What Is an Unconsolidated Subsidiary?
An unconsolidated subsidiary is a company that is owned by a parent company, but whose individual financial statements are not included in the consolidated or combined financial statements of the parent company to which it belongs. Instead, an unconsolidated subsidiary appears in the consolidated financial statements of the parent as an investment.
Understanding an Unconsolidated Subsidiary
A company may be treated as an unconsolidated subsidiary when the parent company is not in control of a subsidiary, has temporary control of the subsidiary, or if the parent company's business operations are considerably different than that of the subsidiary.
Different accounting treatments apply, depending on the percentage owned by the parent company. By using the equity method of investment, an unconsolidated subsidiary is treated as an investment. The parent typically can exert some type of control over the subsidiary with more than 20% ownership in the voting stock of the subsidiary. Under this method, the parent must record any profit or losses realized from the subsidiary on its income statement.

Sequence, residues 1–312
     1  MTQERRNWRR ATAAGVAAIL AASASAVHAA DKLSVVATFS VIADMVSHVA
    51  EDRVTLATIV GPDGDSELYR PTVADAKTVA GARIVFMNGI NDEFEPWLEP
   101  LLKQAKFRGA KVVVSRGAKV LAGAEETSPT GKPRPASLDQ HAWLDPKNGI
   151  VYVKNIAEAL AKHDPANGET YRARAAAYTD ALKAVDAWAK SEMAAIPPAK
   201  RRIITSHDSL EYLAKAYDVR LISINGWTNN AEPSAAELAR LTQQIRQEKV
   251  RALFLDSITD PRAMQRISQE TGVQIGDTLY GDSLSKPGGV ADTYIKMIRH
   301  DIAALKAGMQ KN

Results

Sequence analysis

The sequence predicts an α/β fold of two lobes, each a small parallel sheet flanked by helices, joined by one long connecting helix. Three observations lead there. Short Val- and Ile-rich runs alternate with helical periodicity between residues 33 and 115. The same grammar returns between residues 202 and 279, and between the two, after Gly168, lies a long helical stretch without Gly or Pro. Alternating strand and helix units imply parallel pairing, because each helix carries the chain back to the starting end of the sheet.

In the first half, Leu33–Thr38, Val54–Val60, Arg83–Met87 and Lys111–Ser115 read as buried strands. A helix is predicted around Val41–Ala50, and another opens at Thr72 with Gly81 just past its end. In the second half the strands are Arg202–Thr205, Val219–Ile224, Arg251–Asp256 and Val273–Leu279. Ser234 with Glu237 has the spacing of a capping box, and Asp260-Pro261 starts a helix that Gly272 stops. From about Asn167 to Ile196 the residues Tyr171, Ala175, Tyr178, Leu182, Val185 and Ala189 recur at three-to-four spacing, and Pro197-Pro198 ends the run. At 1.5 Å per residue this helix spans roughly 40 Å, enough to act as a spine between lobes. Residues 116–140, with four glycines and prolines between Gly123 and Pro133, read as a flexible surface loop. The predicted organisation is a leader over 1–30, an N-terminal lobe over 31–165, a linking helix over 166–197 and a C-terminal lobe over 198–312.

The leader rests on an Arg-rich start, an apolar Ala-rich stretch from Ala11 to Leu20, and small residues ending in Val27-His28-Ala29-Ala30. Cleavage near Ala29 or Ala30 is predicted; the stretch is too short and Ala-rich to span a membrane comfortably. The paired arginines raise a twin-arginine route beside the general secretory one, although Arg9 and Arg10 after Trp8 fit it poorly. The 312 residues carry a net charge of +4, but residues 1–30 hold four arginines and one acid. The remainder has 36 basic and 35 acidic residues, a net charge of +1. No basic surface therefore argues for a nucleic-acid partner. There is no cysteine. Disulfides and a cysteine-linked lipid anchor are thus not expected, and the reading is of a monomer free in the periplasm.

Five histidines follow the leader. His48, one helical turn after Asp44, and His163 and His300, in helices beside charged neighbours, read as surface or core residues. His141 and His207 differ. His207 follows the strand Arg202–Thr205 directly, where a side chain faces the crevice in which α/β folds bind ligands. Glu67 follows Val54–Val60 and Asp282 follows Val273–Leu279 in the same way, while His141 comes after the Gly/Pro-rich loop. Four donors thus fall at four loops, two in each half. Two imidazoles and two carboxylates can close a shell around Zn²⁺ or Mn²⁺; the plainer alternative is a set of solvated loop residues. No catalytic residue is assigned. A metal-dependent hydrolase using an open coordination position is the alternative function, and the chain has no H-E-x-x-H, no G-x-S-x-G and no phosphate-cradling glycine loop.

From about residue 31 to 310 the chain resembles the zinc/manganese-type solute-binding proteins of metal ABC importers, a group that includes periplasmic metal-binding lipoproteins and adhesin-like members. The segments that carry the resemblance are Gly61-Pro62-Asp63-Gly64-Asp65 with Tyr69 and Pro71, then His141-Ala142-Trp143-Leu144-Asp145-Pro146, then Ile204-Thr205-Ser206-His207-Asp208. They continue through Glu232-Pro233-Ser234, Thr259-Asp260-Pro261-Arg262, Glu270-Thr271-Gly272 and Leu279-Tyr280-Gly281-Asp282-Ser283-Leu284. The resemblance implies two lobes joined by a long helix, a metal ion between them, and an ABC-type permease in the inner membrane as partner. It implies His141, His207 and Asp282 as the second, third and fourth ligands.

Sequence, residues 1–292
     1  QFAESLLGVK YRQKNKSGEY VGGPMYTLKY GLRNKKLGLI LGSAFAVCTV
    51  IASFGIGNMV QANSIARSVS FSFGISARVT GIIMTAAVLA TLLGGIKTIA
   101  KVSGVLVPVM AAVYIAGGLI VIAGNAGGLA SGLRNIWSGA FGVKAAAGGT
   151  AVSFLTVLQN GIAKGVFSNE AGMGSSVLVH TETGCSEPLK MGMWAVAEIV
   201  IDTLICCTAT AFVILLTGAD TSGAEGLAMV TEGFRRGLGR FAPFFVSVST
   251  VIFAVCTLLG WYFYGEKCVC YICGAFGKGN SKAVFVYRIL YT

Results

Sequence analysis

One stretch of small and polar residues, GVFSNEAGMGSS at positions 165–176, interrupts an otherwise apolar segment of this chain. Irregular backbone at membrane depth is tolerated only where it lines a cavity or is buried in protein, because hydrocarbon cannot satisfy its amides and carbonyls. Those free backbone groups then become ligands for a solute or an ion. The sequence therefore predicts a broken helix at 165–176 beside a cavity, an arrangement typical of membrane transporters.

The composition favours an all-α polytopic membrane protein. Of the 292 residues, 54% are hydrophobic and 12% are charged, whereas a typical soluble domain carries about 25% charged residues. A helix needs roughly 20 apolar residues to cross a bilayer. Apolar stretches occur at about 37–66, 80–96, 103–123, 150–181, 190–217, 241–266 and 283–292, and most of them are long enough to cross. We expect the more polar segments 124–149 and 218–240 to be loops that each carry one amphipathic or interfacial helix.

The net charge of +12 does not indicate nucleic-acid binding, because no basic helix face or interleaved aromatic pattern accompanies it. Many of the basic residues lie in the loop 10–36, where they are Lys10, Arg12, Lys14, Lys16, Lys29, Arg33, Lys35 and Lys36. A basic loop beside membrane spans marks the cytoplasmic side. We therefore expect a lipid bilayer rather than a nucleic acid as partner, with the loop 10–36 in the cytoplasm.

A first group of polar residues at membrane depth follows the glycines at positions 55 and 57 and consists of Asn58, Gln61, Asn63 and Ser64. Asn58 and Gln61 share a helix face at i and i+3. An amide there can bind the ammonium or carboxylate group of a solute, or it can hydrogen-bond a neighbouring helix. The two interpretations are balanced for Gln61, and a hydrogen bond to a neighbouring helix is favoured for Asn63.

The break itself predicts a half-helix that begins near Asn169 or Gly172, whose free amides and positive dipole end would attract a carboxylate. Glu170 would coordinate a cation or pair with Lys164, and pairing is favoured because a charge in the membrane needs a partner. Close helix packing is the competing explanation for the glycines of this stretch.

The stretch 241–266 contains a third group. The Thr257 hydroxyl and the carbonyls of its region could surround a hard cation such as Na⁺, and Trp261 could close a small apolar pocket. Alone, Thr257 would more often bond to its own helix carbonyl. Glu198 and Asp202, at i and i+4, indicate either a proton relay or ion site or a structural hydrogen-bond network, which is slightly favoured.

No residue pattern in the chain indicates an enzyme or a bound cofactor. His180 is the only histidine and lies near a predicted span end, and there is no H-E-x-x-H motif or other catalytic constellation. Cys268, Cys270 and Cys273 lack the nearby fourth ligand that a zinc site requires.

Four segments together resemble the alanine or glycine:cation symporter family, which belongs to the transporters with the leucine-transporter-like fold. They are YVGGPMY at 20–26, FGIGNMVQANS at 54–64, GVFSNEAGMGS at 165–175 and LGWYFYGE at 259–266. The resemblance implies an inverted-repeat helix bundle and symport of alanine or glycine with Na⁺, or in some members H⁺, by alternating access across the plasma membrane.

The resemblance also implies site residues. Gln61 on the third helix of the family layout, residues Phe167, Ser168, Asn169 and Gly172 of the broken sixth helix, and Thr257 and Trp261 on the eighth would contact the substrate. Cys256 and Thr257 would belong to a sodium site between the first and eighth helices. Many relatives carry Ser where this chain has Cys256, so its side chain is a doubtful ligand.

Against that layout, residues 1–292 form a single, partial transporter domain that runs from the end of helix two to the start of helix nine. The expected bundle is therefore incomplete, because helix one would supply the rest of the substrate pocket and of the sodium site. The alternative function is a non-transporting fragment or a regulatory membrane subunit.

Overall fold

Parent companies with less than a 20% stake and no control of the subsidiary merely record the investment at historical cost or the purchase price on its balance sheet. However, if dividends are paid, which are cash payments to shareholders, the parent records the dividend income but does not record any investment income earned from the subsidiary.
While a parent company may not have managerial control of a subsidiary, they could have significant exposure to the financial and operational dealings of the subsidiary. For instance, a multinational enterprise may experience political risk in another region. From an accounting sense, it might not make sense to account for the subsidiary beyond an investment on a parent’s financial statements, but the exposure does extend to the parent’s core business.
When a subsidiary or affiliated entity is a sizable operation, a parent company’s financial statements may not fully reflect its true exposure to all attached elements of its business.
Example of an Unconsolidated Subsidiary
As an example, let's say that Facebook Inc. has a 40% controlling interest in its unconsolidated subsidiary Instagram. Instagram records $1 billion in profits for the year. Facebook must record $400 million in earnings on its income statement since Facebook has a 40% stake and exerts some control over Instagram. Also, Facebook needs to record the increase in the value of the initial investment, listed on the balance sheet, by $400 million.